Separation of protein aggregates
Separation of protein aggregates
18 April 2006
A recent application by the NIAID Laboratory of Persistent Viral Diseases, Hamilton, Montana, demonstrates that Wyatt Technology's innovative Eclipse field flow fractionation (FFF) system achieves successful size-based separation of protein aggregates associated with neurodegenerative diseases. The findings of this analysis are of particular interest for molecular biology, nanotechnology and environmental analyses and are detailed in a new, free of charge application note from Wyatt, the world leader in absolute macromolecular characterization instrumentation and software. Neurodegenerative diseases such as Parkinson's, Alzheimer's and the transmissible spongiform encephalopathies (TSEs) are often marked by abnormal protein deposits in the brains of afflicted individuals.
Successful size-based separation of these aggregates, which can range from small protein oligomers to large amyloid fibrils, has been a challenge for traditional methods such as size exclusion chromatography (SEC), polyacrylamide gel electrophoresis (Page) and ultracentrifugation.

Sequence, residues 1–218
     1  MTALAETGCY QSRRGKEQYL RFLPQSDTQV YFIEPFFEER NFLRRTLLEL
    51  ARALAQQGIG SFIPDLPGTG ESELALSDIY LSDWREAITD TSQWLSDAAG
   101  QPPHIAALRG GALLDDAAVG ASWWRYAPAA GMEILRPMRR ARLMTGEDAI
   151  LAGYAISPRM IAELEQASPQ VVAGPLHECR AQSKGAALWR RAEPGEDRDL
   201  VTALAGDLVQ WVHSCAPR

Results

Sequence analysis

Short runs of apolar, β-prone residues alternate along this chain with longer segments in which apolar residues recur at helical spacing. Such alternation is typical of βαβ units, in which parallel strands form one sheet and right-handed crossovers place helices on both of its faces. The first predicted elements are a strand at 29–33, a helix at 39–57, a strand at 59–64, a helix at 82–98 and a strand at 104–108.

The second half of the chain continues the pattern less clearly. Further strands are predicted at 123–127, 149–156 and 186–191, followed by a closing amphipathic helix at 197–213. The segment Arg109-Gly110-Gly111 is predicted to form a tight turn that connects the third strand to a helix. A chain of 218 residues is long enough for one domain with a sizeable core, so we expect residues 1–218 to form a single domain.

In both SEC and Page, large aggregates may be caught up in and/or subjected to shearing forces by the stationary phase, while ultracentrifugation techniques provide relatively limited resolution.
Wyatt's Eclipse overcomes the limitations of conventional column chromatography being able to separate both soluble and colloidal components over a wide size range.
Especially for proteins, the Eclipse is ideal since shearing forces and sample interactions with a stationary phase are completely absent.
The end result is an ultra-high resolution separation.
For this particular application, the Eclipse was used to separate a collection of prion protein aggregates, which were analyzed on line by the 18-angle Dawn EOS Mals (multi-angle light scattering), Optilab and WyattQELS (quasi-elastic light scattering) instruments to obtain weight-average molar mass (Mw), radii of gyration (rg), and hydrodynamic radii (rh).
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